But as the local news industry has been hit by declining advertising revenues and cuts, some outlets have sometimes unknowingly run vaccine misinformation because they have fewer employees or less oversight than in the past, said Ken Doctor, a news industry analyst. Without the resources to publish original, independent journalism, they may also rely on whatever can be freely repurposed from online material, he said.
In total, local media remains a significant force. There were 1,762 local television stations and 3,379 radio stations operating in the United States last year, according to the Radio Television Digital News Association and Syracuse University. While print publications have been decimated, there are still about 1,300 daily papers and 5,800 weekly publications, with roughly half located in small rural communities, according to research from the University of North Carolina.
Jo Lukito, an assistant journalism professor who studies disinformation at the University of Texas at Austin, said local media is often a starting point that creates a “trading up the chain” effect.
It starts when a rumor is covered or published in local media, she said, where it can gain a sheen of credibility. Then “when you pitch it to a Fox News or a larger news platform, you can say that this other outlet covered it, so it must be real,” she said.
One radio show that appears to have been part of that effect is Coast to Coast AM, which is syndicated on 640 local stations and reaches nearly three million weekly listeners. Its host, George Noory, has in recent years interviewed Dr. Tenpenny, Robert Kennedy Jr., a lawyer and anti-vaccine activist, and Erin Elizabeth, the founder of the website Health Nut News and a vaccine skeptic.
The activists have used their segments on the show to reinforce their messages. In a promotion for Dr. Tenpenny’s appearance to discuss the coronavirus in April 2020, for example, Coast to Coast AM’s website said, “She contends that there are so many unknowns in regards to testing, tracking, symptoms, and other factors, that the information we’re being told about the disease is meaningless.”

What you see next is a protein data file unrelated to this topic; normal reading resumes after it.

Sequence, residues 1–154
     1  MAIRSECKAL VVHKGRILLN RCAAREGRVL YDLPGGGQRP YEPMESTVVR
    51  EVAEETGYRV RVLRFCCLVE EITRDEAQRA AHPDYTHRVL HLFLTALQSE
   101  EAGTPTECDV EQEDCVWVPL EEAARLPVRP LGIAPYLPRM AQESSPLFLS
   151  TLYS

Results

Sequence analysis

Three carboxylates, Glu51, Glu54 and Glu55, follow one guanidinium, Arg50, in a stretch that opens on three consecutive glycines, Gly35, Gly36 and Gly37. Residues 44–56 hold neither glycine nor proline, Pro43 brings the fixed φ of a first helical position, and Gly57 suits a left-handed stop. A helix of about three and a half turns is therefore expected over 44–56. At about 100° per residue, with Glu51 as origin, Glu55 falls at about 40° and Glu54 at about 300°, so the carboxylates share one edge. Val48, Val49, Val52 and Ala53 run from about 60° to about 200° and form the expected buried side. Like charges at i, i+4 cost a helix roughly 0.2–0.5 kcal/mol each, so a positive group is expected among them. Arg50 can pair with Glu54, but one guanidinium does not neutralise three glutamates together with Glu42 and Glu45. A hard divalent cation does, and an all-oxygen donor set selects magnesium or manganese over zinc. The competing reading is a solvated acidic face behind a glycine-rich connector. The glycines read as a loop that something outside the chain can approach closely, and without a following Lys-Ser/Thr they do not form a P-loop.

That line was shared on Dr. Tenpenny’s social media accounts and tweeted by some of her followers.
In a statement, Mr. Noory said, “We give all views on my program and that includes people who are opposed to vaccines.”
Vaccine misinformation has also been published on sites that purport to be local news, but which are pay-for-play content websites. These sites, where articles are ordered up and paid for by conservative think tanks, political operatives, corporate executives and public-relations professionals, have sprung up to fill the vacuum left by the loss of local publications.
Recent articles on some of those sites, such as Last Frontier News in Alaska and Bowling Green Today in Kentucky, highlighted people who died after receiving the Covid vaccines without saying that it was unclear if the vaccines were responsible, according to a review by The Times. The stories followed a pattern established on anti-vaccine blogs of pulling data from a national database of post-vaccine deaths without explaining the limitations of the data.
Last Frontier News and Bowling Green Today did not respond to requests for comment.
At least one local radio host has recently recanted his anti-vaccine stance. Phil Valentine, a conservative radio host in Tennessee, had declared in a blog post in December that he would not get the vaccine because his chances of dying from the virus were “way less than one percent.”
But Mr. Valentine was diagnosed with Covid-19 in July and has been hospitalized in critical condition. He has since issued a statement advising others to get vaccinated.
“Phil would like for his listeners to know that while he has never been an ‘anti-vaxxer’ he regrets not being more vehemently ‘pro-vaccine’, and looks forward to being able to more vigorously advocate that position as soon as he is back on the air, which we all hope will be soon,” his station, 99.7 WTN, said on July 23.
Last Wednesday, Mr. Valentine was put on a ventilator, 99.7 WTN said. The station has added a hashtag to its posts about the host: #prayforphil.“